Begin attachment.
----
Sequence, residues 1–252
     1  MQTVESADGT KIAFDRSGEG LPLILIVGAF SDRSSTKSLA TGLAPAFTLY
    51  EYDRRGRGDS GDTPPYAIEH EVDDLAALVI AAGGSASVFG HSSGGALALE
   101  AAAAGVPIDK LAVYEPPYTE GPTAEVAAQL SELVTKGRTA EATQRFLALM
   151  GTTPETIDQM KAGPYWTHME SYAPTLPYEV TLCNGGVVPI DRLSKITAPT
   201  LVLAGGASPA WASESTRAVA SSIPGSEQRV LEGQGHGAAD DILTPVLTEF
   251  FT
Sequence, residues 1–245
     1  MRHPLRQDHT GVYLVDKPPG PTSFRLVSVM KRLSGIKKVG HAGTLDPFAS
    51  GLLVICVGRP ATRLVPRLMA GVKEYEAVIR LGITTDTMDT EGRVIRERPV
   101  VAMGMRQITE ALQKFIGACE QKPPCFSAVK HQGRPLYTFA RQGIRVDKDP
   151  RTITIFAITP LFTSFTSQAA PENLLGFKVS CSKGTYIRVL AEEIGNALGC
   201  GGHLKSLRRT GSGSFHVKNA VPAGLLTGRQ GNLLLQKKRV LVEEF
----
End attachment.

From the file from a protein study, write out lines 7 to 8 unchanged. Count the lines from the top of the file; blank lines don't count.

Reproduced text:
   251  FT
Sequence, residues 1–245